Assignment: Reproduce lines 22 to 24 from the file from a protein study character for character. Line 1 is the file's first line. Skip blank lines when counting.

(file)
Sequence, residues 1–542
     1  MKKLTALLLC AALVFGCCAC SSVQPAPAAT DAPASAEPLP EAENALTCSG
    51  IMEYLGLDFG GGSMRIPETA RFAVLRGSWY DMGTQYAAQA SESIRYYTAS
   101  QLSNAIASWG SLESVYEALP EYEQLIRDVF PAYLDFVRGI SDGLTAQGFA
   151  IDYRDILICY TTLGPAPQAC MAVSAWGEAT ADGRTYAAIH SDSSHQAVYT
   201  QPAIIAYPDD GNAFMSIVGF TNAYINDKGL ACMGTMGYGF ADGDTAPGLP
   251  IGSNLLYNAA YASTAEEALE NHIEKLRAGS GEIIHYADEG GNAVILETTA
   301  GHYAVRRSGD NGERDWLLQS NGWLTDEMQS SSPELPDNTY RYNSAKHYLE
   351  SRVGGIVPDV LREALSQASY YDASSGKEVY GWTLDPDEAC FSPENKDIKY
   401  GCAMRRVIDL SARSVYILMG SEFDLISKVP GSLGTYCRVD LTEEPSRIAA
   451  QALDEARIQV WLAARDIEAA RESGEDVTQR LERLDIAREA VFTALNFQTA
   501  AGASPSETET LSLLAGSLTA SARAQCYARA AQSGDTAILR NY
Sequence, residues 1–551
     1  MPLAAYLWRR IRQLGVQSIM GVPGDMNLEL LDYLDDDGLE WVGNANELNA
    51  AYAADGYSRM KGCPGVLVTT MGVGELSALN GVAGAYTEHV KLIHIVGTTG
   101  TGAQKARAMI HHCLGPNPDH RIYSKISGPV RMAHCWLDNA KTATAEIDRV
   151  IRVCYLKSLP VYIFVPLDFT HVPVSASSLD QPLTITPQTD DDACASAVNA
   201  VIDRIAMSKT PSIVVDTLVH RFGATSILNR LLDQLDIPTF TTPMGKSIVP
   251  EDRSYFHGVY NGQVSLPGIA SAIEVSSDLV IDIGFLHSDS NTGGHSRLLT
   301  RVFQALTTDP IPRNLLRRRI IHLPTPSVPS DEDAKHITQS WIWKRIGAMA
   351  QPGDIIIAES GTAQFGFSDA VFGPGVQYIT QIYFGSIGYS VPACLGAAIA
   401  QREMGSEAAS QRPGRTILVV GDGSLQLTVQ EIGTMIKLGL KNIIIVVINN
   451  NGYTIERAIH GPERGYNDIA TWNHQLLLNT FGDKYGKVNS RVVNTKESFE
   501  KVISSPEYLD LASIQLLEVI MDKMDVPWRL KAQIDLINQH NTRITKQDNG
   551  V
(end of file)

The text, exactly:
   401  QREMGSEAAS QRPGRTILVV GDGSLQLTVQ EIGTMIKLGL KNIIIVVINN
   451  NGYTIERAIH GPERGYNDIA TWNHQLLLNT FGDKYGKVNS RVVNTKESFE
   501  KVISSPEYLD LASIQLLEVI MDKMDVPWRL KAQIDLINQH NTRITKQDNG